Weight (lb) per 1,000 actual board feet of various moisture content levels 6% 15% 25% 40% 60% 80%




Table 1-10—Shrinkage values of wood, based on its dimensions when green Shrinkage (percent) Dried to 20-percent moisture content1 Species Radial Tangential Dried to 6-percent moisture content2 Radial SOFTWOODS Tangential Radial Dried to 0-percent moisture content Tangential Volumetric


Table 1-10—Shrinkage values of wood, based on its dimensions when green—continued Shrinkage (percent) Dried to 20-percent moisture content1 Species Radial Tangential Dried to 6-percent moisture content2 Radial Tangential Radial Dried to 0-percent moisture content Tangential Volumetric



Table 1-10—Shrinkage values of wood, based on its dimensions when green—continued
Shrinkage (percent) Dried to 20-percent moisture content1 Species Radial Tangential Dried to 6-percent moisture content2 Radial Tangential Radial Dried to 0-percent moisture content Tangential Volumetric


Table 1-10—Shrinkage values of wood, based on its dimensions when green-concluded Shrinkage (percent) Dried to 20-percent moisture content1 Species Radial Tangential Dried to 6-percent moisture content2 Radial Tangential Radial Dried to O-percent moisture content Tangential Volumetric


Table 1-11—Average electrical resistance along the grain, for selected species, as measured at 80°F between two pairs of needle electrodes 1-1/4 inches apart and driven to a depth of 5/16 inch Electrical resistance (megohms) at different levels of moisture content (percent) Species 7 8 9 10

















Appendix— Equations for Relating Temperature, Humidity, and Moisture Content In this appendix, we present a series of equations that relate wet- and dry-bulb temperatures to specific and relative humidities, and equations that relate EMC to relative humidity (RH) and temperature. A psychrometric chart and an example of how to calculate specific and relative humidities are included. Wet-bulb Temperature and Relative Humidity When unsaturated air is brought in contact with water, the air is humidified and cooled. If the system is operated so that no heat is gained or lost to the surroundings, the process is adiabatic. Thus, if the water remains at constant temperature, the latent heat of evaporation must equal the sensible heat released by the air in cooling. If the temperature reached by the air when it becomes saturated is the same as the water temperature, this temperature is called adiabatic saturation temperature or the thermodynamic wet-bulb temperature. When unsaturated air is passed over a wetted thermometer bulb, so that water evaporates from the wetted surface and causes the thermometer bulb to cool, an equilibrium temperature (called the true wet-bulb temperature) is reached. At this point, the rate of heat transfer from the wetted surface is equal to the rate at which the wetted surface loses heat in the form of latent heat of evaporation. The thermodynamic wet-bulb and true wet-bulb temperatures are not necessarily equal, but in the range of 215°F to 300°F the difference between these temperatures is negligible. Thus, the RH values based on the difference between the drybulb temperature and the thermodynamic wet-bulb temperature do not differ significantly from RH values based on the difference between the dry-bulb temperature and the true wet-bulb temperature. The maximum difference is 0.54 percent RH; on the average, the difference is +0.25 percent RH. Relative humidity can be calculated from the adiabatic saturation temperature by the following procedure

(Hawkins 1978). By writing energy and mass balances for the process of adiabatic saturation (1) where Y is specific humidity (lb water/lb dry air), Y s specific humidity for saturation at Ts (lb water/lb dry air), Tdb dry-bulb temperature (°F), T s adiabatic saturation temperature (°F), and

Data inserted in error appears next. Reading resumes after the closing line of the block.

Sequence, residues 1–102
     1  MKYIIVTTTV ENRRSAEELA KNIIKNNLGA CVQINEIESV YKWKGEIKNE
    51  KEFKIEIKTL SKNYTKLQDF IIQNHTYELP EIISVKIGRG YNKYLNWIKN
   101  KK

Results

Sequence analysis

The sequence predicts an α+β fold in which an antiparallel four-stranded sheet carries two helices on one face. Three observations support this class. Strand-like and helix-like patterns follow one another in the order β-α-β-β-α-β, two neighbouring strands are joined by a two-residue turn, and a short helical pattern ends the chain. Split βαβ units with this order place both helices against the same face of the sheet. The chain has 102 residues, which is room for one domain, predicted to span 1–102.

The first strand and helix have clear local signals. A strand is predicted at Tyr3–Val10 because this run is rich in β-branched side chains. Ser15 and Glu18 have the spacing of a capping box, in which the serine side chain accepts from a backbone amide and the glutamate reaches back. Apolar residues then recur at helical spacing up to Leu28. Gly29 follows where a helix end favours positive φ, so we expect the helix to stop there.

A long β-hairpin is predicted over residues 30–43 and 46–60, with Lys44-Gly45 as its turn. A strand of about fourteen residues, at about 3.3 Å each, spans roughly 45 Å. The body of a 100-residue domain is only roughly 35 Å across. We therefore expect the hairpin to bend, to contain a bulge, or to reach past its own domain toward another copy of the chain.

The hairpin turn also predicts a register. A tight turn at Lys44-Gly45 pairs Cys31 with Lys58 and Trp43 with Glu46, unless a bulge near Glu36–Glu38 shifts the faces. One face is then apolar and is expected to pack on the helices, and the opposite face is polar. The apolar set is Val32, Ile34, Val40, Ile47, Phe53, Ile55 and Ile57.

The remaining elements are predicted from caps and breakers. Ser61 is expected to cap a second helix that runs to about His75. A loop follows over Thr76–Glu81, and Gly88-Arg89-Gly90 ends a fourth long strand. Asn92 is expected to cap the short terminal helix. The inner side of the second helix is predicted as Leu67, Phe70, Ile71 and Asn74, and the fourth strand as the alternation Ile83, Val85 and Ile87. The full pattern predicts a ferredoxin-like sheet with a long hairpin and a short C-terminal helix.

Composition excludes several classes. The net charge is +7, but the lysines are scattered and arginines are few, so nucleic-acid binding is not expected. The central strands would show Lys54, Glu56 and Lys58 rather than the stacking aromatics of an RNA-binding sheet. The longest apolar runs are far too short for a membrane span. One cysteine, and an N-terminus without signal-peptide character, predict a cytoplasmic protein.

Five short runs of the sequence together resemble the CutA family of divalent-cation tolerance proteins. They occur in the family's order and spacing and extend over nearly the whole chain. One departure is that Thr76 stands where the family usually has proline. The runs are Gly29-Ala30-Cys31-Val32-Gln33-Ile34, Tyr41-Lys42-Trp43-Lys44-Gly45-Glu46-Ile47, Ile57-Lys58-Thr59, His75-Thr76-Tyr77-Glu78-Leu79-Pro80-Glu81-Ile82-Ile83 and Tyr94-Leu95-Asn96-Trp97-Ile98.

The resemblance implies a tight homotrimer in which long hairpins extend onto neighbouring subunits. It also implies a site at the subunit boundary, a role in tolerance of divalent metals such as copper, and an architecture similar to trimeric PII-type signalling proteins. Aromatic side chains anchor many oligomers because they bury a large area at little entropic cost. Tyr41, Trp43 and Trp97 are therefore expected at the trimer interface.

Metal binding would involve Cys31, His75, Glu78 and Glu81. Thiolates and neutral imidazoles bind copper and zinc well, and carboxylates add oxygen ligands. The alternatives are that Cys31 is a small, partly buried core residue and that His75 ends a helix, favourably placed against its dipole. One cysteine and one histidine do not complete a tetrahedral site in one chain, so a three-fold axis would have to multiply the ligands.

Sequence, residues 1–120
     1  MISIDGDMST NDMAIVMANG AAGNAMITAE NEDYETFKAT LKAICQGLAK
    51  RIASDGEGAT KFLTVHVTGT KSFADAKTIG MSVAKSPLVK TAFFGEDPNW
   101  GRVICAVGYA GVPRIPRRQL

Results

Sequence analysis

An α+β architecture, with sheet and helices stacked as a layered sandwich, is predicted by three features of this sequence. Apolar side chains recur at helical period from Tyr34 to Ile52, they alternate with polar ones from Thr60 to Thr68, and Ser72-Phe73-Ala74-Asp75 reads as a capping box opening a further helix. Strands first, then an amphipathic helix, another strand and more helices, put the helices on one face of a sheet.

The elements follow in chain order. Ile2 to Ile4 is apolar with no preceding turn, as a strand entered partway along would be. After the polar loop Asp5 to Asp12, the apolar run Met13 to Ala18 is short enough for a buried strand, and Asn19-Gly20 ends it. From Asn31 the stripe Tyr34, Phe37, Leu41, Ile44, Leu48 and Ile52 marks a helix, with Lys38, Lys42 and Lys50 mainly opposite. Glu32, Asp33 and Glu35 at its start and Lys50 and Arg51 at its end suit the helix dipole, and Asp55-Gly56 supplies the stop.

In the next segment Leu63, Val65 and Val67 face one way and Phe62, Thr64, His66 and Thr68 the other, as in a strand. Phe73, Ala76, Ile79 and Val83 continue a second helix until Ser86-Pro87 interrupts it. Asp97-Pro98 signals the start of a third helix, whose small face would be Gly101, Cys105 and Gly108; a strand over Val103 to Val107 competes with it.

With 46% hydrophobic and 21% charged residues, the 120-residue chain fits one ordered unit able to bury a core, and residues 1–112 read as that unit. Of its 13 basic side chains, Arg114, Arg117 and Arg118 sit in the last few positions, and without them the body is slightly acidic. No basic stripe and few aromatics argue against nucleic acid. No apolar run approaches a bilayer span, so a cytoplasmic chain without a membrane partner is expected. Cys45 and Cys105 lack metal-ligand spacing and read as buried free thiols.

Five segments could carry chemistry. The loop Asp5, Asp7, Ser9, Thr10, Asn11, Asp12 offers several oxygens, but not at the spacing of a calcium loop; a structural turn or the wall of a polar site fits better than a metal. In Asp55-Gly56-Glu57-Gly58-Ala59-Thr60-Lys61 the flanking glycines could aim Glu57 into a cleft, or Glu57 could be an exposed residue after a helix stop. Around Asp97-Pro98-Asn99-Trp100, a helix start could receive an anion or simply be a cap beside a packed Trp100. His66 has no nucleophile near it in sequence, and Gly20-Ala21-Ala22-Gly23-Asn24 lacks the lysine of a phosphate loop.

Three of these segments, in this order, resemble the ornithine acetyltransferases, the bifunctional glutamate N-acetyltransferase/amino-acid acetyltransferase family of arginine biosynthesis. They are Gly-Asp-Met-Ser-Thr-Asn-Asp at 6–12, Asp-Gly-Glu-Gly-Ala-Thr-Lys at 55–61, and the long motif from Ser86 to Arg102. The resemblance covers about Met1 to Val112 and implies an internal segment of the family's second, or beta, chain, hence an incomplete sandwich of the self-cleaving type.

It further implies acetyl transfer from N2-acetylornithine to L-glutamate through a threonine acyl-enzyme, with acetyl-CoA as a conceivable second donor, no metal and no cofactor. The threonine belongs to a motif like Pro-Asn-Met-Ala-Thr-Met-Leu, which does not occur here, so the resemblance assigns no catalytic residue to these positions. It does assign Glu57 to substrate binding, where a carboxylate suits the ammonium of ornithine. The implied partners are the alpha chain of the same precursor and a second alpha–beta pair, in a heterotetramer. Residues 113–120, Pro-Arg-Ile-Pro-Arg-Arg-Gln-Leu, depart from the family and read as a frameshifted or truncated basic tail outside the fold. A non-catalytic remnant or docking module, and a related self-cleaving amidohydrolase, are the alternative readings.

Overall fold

(2) where ρS is vapor pressure at Ts (inHg) and ρt total pressure (inHg). To calculate relative vapor pressure at Tdb, it is necessary to calculate partial pressure ρ at Tdb as follows: (3) and relative vapor pressure h is (4) where ρ* is saturated vapor pressure at Tdb (inHg). The RH is then defined as RH = h × 100 Example: Given Tdb = 140°F, Ts = 120°F, and ρt = 29.92 inHg, calculate the specific and relative humidities. (5)


Step 1: Find the specific humidity at Y s from equation (2). To do this we need to know the ρs of water at Ts. From table 1-A-1, ρs at 120°F is 3.446 inHg. Thus, from equation (2)

Relative Humidity and Equilibrium Moisture Content The EMC and RH temperature relationships of tables 1-6 and 1-7 can be expressed in equation form, which is sometimes more convenient than table form. Useful equations can be derived from theories for the adsorption of water on hygroscopic materials. One such equation that works particularly well is

Step 2: Calculate Y at Tdb = 140°F. From equation (1)

where M is moisture content (percent), h relative vapor pressure, and Step 3: Calculate ρ at the dry-bulb temperature from equation (3). (7) (8) (9) (10) Equations (6) to (10) represent least squares regression fits of the data in tables 1-6 and 1-7. As such, they give estimates close to but not exactly the same as those in the tables. For example, the EMC at Tdb = 140°F and Ts = 120°F from table 1-6 is 8.0 percent. From equations (6) to (10), the EMC is 8.4 percent at 55.1 percent RH.

Step 4: To calculate relative vapor pressure h at the dry-bulb temperature, we need to know the saturated vapor pressure ρ* at Tdb. From table 1-A-1, ρ* at Tdb = 140°F is 5.881 inHg. From equation (4)


Figure 1-A-1—Psychrometric chart. (ML88 5580)

Figure 1-A-2—Lines of constant equilibrium moisture content. (ML88 5577)

Psychrometric Charts Psychrometric charts are another useful way to represent wet- and dry-bulb temperatures and absolute and relative humidities. Figure 1-A-1 is a typical psychrometric chart showing the relationship between these four variables. Using the example Tdb = 140°F and T s = 120°F, the specific humidity at the intersection of these two temperature lines is approximately 0.075 lb/lb and the RH, 55 percent. Figure 1-A-2 shows the relationship between wet- and dry-bulb temperatures and EMC. At the intersection of 140°F dry-bulb temperature and 120°F wet-bulb temperature, the EMC is 8 percent.